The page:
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How Chain Hoists Work - Buy The Best Chain Hoist |

How Chain Hoists Work – Guide To Buying The Best Chain Hoist

Chain HoistChain hoists are an invaluable asset for lifting heavy equipment, reducing the effort and manpower required. Chain hoists are available in a variety of sizes, from the small versions found in automobile repair shops to the huge hoists found on bridge cranes and jib cranes. For lifting car engines and shipping containers, manual chain hoists and electric chain hoists soon repay the investment for businesses and homeowners alike.

The history of chain hoists can be traced back as far as the Ancient Greeks and Romans, who developed the principle of using pulleys to shift heavy loads. These cultures developed the familiar ‘block and tackle’ to move and manipulate heavy loads, including huge blocks of marble and ships. This technological advance helped to develop the reputation of these advanced cultures as master architects and engineers.

These ancient machines used wooden pulleys and ropes, but they were the direct ancestors of the familiar chain hoist. Modern technology ensures that high tensile steel and electric motors make the process more efficient, but the underlying principles are exactly the same.

The Evolution of Chain Hoists

Chain hoists were derived from the rope or wire cable pulley, which operate by multiplying the force applied. Fixed pulleys allow the direction of pull to be changed, and movable pulleys and compound pulleys multiply the amount of force, called gaining a mechanical advantage, by a factor of two or more. However, wire cable pulleys do carry some inherent disadvantages.

  • Rope and wire cable pulleys are subject to friction, so adding more ropes to further multiply effort becomes counterproductive as frictional forces increase.
  • Pressure must be maintained upon the rope or cable, otherwise the load will slip, undoing all of the good work and posing a threat to safety. Using an electrical winch reduces the chance of this happening.
  • Cables and ropes are prone to fraying and breaking, and the sheer forces and imparted velocity can seriously maim or kill.

The chain hoist was a natural development of the pulley system, bypassing these disadvantages. Chain hoists are a much more reliable way of manipulating heavy loads and are now a mainstay in construction, warehousing and a whole range of other industries and homes.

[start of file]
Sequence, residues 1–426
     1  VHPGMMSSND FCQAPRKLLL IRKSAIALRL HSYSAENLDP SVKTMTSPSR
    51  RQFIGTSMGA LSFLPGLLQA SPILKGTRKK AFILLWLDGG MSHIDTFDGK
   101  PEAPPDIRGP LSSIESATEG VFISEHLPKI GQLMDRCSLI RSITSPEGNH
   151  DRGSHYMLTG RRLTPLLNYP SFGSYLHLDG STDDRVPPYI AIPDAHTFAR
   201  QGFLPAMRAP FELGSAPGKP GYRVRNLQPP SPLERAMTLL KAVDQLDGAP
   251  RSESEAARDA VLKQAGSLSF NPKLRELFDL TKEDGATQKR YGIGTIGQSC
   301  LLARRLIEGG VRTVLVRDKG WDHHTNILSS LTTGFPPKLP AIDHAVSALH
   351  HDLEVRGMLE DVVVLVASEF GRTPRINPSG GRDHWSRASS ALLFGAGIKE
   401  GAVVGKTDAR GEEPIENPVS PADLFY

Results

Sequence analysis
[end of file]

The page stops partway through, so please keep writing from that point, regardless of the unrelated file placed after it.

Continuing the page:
How Pulleys Work

Chain hoists operate via an endless chain looped over a dual pulley system, adding a mechanical advantage in the same way as a pulley. The hoist incorporates a tooth and ratchet system, which prevents the load from slipping. Whilst chain can also break, it does not ‘whip’ at high velocity as is the case with high tensile steel cable.

For smaller tasks, such as lifting an engine block, manual chain hoists are common, but electric chain hoists are an option for heavy and awkward cargoes. For huge loads, hydraulic hoists and compressed air chain hoists are much more common, and these types are usually incorporated into cranes and jibs. This vertical lifting power of these hoists, coupled with the enhanced safety, makes them the only choice, but the difficulty lies in selecting from the variety of types available.

Choosing The Best Hoist

Chain hoists are designed to handle extreme weight, but they are still dangerous and exceeding the recommended safety margins can be a serious risk to life and limb. Before investing in a chain hoist, make sure that you and your staff are aware of the correct procedures, because most chain hoist accidents are caused by overloading or poor maintenance procedures.

Overloading a chain hoist soon leads to metal fatigue of the chain, erosion or breaking of the teeth and damage to the motor, hydraulic or air system. For this reason, it is essential to buy a hoist with more capacity than is needed, allowing a larger degree of tolerance. Buying a low-budget hoist is false economy, because they are much more likely to fail or need replacing after a couple of years. A hoist with a chain and teeth made from cheap and inferior steel is an accident waiting to happen, so look for the relevant safety certifications, such as CE and GS marks.

Looking for the Best Brand

The next stage is to select a reputable and reliable brand, which can be a little difficult considering the huge range of manufacturers building hoists. You should take your time and consider all of the options, deciding whether you want a manual chain hoist or a powered one.

Look at review sites and forums rather than taking the word of the salesman, looking for how happy customers were with the machinery and the aftercare. Searching for a range of opinions and views makes sure that you will buy a reliable and efficient chain hoist that will give many years of service.

Useful Links



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Torin Big Red Chain Block / Manual Hoist with 2 Hooks, 1 Ton (2,000 lb) Capacity Price: $48.78 - $55.31
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Black Bull CHOI1 1 Ton Capacity 8' Chain Hoist Price: $29.88
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  • Article by Martyn Shuttleworth

    avatar Martyn Shuttleworth is a professional freelance writer living amongst the olive groves of the Peloponnese, a spear throw away from Ancient Sparta, the home of long-haired heroes. He covers a range of styles, from academic writing to sales letters, and loves writing about home improvement, freelance writing, and all things Greek. If you want to hire a master wordsmith, please feel free to visit Freelance Writer Editor
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